By Paramhansa Yogananda
It appears that the master had an aversion to being photographed. Over his protest, a group picture was once taken of him and a cluster of devotees. It was an amazed photographer who discovered that the plate which had clear images of all the disciples, revealed nothing more than a blank space in the center where he had reasonably expected to find the outlines of Lahiri Mahasaya. The phenomenon was widely discussed.
A certain student and expert photographer, Ganga Dhar Babu, boasted that the fugitive figure would not escape him. The next morning, as the guru sat in lotus posture on a wooden bench with a screen behind him, Ganga Dhar Babu arrived with his equipment. Taking every precaution for success, he greedily exposed twelve plates. On each one he soon found the imprint of the wooden bench and screen, but once again the master’s form was missing.
With tears and shattered pride, Ganga Dhar Babu sought out his guru. It was many hours before Lahiri Mahasaya broke his silence with a pregnant comment:
“I am Spirit. Can your camera reflect the omnipresent Invisible?”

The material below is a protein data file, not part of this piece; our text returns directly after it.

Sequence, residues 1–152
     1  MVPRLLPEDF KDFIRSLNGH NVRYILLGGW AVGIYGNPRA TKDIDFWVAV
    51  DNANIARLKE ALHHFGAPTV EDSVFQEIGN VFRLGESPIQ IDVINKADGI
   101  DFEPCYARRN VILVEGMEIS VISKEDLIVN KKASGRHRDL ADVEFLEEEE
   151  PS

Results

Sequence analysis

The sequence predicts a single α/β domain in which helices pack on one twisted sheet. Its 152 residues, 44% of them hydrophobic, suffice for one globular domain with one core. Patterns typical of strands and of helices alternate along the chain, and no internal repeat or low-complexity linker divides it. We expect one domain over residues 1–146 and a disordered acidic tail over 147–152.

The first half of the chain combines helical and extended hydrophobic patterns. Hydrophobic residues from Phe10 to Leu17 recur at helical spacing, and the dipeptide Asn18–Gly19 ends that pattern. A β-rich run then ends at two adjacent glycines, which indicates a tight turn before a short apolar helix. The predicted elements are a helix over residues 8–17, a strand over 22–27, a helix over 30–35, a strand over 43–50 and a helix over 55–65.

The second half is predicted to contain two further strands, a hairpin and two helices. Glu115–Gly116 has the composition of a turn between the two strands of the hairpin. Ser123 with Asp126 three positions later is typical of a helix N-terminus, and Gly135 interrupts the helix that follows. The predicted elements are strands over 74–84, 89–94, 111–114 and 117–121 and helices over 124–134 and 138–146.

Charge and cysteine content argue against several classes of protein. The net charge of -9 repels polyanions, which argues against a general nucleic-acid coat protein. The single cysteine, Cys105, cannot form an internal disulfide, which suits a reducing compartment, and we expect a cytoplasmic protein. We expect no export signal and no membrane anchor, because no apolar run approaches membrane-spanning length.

“I see it cannot! But, Holy Sir, I lovingly desire a picture of the bodily temple where alone, to my narrow vision, that Spirit appears fully to dwell.”
“Come, then, tomorrow morning. I will pose for you.”
Again the photographer focused his camera. This time the sacred figure, not cloaked with mysterious imperceptibility, was sharp on the plate. The master never posed for another picture; at least, I have seen none.
Lahiri Mahasaya’s fair features, of a universal cast, hardly suggest to what race he belonged. His intense joy of God-communion is slightly revealed in a somewhat enigmatic smile. His eyes, half open to denote a nominal direction on the outer world, are half closed also. Completely oblivious to the poor lures of the earth, he was fully awake at all times to the spiritual problems of seekers who approached for his bounty.